So we’ve got a warrior with a sword (penis)
riding an ostrich (animal that buries its head in the sand)
Um, DBS? That’s not just a warrior. That’s a cherub.
That’s—well. Let’s take a closer look:
There are plenty of winged figures with swords in art history. Angels with swords have been around since Adam and Eve got kicked out of Eden. The most famous is Archangel Michael. But I don’t think we’re looking at ol’ Mikey, here. That’s not an adult face or body—Michael was always tall and ripped.
That’s a child.
So, a chubby kid with little wings. Hmm…
Oh hey, Cupid, a.k.a. Eros! God of Love and Desire? Fancy meeting you in a show about a totally platonic blokeship.
Such a coincidence.
Ah, Cupid. Our dear Bard sure had you pinned:
Love looks not with the eyes, but with the mind
And therefore is winged Cupid painted blind. (x)
I could be wrong. Maybe it’s not a cupid. There’s the helmet and sword. Later classical depictions of Cupid don’t really include helmets… except:
L’Enfant Guerrier, or Amour Guerrier—Child Soldier, or Warrior of Love. See, Cupid’s parents were Mars (god of War) and Venus (goddess of Beauty and Love). Mars is almost always shown wearing a helmet. It’s kind of his trademark. And sometimes Cupid liked to steal Dad’s stuff and cheekily play around.
The symbolism? Love is like War. Yeah, Pat Benatar sang 'Love is a Battlefield', but antiquity has been banging on that Love/War trope-drum since time immemorial.
So, back to our statue—he looks kind of serious. A helmet, a sword, a shield, no bow and arrows. Where’s our cuddly Valentine chibi? Cupids are supposed to be all mischievous sweetness and light and love-darts, right?
Well… not exactly:
As for the ostrich… I’m not really sure. Like the above excerpt said, Cupid/Eros has been depicted riding all kinds of beasties. Yes, Pliny the Elder gave us the iconic ‘ostrich with its head in the sand’ image; allusions to ignorance and denial are good points.
Let’s try going biblical, just for kicks. In the Bible, ostriches are depicted as tough, cruel, and stupid. (And as bad mothers, since they leave their eggs on the ground.) Also, as incredibly fast:
When [the ostrich] rouses herself to flee, she scorneth the horse and his rider.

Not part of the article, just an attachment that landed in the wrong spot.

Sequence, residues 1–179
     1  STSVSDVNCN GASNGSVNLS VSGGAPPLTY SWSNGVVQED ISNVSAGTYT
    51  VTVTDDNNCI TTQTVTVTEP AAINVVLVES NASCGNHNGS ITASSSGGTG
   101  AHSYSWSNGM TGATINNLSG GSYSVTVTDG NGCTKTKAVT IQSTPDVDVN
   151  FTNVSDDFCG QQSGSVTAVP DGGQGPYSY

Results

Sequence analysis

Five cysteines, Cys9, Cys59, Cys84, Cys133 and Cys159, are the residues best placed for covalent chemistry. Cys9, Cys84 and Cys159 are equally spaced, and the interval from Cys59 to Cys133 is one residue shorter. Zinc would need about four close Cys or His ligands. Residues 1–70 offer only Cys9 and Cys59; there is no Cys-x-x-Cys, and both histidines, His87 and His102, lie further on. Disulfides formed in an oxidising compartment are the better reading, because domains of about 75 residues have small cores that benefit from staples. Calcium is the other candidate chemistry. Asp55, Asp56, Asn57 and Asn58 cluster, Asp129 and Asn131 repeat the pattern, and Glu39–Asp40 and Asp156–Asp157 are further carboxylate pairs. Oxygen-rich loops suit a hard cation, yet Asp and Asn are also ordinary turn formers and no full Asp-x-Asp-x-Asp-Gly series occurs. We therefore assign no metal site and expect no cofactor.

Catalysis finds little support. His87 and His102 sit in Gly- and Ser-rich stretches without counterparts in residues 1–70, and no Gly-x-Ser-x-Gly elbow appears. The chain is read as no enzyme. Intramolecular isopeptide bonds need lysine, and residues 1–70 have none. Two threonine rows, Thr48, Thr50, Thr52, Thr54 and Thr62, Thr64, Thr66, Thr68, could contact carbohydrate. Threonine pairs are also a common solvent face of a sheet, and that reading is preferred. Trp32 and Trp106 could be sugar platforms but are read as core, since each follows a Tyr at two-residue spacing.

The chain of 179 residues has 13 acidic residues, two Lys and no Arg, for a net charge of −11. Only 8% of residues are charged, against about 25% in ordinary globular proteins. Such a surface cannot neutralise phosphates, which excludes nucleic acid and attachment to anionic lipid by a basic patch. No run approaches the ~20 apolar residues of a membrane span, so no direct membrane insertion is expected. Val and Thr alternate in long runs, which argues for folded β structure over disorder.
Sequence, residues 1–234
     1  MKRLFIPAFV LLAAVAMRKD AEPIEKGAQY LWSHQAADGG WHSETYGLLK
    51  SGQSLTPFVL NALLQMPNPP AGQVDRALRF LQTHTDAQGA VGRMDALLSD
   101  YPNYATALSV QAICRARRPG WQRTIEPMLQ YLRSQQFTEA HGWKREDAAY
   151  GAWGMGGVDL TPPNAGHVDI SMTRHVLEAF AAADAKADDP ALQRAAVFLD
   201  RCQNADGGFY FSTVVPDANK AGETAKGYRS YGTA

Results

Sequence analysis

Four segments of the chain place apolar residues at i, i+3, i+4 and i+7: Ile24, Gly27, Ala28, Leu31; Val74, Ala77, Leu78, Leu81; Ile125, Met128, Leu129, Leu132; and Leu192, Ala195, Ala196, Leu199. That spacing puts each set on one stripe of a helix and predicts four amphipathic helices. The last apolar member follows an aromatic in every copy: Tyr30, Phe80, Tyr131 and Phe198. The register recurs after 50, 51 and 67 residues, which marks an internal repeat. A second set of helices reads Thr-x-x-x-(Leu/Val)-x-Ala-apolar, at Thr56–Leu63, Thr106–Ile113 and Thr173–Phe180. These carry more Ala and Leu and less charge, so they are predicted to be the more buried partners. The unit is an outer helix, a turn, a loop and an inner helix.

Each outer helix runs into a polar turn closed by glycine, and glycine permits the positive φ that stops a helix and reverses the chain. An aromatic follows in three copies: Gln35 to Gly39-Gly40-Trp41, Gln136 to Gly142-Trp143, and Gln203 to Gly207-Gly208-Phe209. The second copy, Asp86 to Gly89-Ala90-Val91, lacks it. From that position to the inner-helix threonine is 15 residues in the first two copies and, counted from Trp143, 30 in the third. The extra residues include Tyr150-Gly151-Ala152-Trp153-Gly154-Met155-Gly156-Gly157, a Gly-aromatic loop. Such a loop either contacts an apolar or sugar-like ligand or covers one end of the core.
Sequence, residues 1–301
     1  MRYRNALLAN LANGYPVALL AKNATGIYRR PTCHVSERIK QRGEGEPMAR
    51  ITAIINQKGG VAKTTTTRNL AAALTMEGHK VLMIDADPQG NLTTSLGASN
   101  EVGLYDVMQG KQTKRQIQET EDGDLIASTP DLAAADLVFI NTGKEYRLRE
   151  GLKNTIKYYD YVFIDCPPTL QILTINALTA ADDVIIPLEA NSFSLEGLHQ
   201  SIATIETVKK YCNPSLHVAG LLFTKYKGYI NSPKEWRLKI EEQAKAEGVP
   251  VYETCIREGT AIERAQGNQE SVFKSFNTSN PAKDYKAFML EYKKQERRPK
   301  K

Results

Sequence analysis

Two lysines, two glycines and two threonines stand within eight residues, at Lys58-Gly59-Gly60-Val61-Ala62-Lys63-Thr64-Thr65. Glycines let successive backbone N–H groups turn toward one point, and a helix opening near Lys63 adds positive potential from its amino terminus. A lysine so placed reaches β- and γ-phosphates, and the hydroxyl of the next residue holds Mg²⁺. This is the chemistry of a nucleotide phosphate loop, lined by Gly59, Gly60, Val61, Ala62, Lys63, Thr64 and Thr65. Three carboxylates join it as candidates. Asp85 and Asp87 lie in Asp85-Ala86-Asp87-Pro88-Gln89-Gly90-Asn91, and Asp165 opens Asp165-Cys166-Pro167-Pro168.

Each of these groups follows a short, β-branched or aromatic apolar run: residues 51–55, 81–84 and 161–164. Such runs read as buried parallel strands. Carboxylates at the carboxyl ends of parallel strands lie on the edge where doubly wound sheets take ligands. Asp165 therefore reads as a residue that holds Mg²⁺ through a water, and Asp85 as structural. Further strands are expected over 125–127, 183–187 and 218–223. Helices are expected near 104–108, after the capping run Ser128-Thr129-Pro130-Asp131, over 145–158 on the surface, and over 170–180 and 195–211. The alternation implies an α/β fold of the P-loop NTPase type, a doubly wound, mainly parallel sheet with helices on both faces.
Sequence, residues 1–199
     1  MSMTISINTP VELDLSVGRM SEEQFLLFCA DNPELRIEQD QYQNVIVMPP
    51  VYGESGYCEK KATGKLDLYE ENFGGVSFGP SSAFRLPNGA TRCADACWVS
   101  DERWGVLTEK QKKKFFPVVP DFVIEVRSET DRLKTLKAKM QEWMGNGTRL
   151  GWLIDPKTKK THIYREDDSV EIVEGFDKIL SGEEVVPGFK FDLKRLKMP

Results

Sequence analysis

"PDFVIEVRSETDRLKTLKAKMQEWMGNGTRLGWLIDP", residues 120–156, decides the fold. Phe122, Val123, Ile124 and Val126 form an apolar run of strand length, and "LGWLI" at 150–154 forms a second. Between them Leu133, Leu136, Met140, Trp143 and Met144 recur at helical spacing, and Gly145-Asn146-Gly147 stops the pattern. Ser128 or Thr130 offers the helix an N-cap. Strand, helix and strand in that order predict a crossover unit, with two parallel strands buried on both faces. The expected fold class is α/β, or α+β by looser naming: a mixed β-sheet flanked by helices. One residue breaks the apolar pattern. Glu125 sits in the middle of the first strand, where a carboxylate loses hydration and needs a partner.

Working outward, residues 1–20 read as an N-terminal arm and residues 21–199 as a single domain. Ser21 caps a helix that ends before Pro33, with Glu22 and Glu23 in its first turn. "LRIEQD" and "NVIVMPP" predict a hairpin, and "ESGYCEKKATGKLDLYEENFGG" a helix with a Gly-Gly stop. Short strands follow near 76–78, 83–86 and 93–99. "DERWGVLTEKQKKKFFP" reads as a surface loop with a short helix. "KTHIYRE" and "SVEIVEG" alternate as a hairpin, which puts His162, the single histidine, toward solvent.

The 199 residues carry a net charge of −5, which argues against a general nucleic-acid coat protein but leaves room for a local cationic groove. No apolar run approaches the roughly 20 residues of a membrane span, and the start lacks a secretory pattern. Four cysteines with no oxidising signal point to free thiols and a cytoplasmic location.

I mean, really fast. Not even Xenophon’s ten thousand Greek troops in the Anabasis could catch them:
But no ostrich was captured by anyone, and any horseman who chased one speedily desisted; for it would distance him at once in its flight. (x)
Riding an animal is about harnessing its power. Let’s just assume the god of love and desire moves really damn quickly.
As an aside—there’s not a whole lot of artistic evidence of cherubs or cupids going into battle with swords. But there are the heroic putti of the Marienplatz in Munich:
There’s a whole convoluted political backstory behind the Mariensäule cherubs, but let’s just focus on the symbology.
Cherubs or putti aren’t always associated with Cupid and romantic love. Sometimes they’re guardian spirits, or the Roman genius: physical embodiments of invisible concepts or places, given personalities as they affect human lives.
Sometimes they stand for the omnipresence of God, or divine Providence, as they do here in Munich. Their shields bear epithets from Psalm 91:
Super aspidem et basiliscum calcabis conculcabis leonem et draconem
"The asp and the basilisk you will trample under foot
You will tread on the lion and the dragon.” (x)
Oh, yes. A dragon:
So, to review: the Appledore statue is probably a conquering Cupid—an angelic personification of the god of Love and Desire. Rides a fast steed, ready for battle, maybe sometimes slays dragons.
Now, one of the most well-known depictions of Cupid was painted by
my art history boyfriend Caravaggio:
Amor Victorious. Amor Vincit Omnia, or 'Love Conquers All'. That’s the god of love trampling all over the symbols of science, reason, music, religion, and government. He throws everything into disarray. Caravaggio had a thing for the Roman poet Virgil:
Omnia vincit Amor: et nos cedamus Amori.
“Love conquers all; let us all yield [or surrender] to love!” (x)
Cupid can be vengeful and sassy. After Apollo (the seriously powerful god of reason and order, who was also quite gay) talks shit about him in Ovid’s Metamorphoses, Cupid retorts:
The child of Venus glanced at flush Apollo:
"Your arrows may be murder to us all,
But mine shall pierce your veins:
As much as mortals are less than the divine, so
Your glory is less than my poor skill.” (x)
The little dude’s retaliation began one of the most archetypal tales of passionate unrequited love in history.
The moral of the story? Love conquers all, and it can take down a god.
Oh, Sherlock, honey. You’ve got it all twisted. If classical antiquity has anything to say about it, you’re not on the winning side of this battle. Reason and logic won’t protect you. It’s only a matter of time.
Don’t mock the power of Desire; you will get the shaft.
As for the production team question, I ascribe to the Arwel Wyn Jones Law: if it’s on the screen, we’re supposed to be looking at it.
Postcript: If anyone’s read this far(!) and wants to purchase their own version of the Appledore statue, Larry over at Bronze-Statues.com says they’ll be happy to knock off an extra 20% of the price listed online: (x).
If you’re in the UK, you can try your luck at Old Times Props: (x).
For more on ostriches, Edgar Williams wrote a great little book: (x)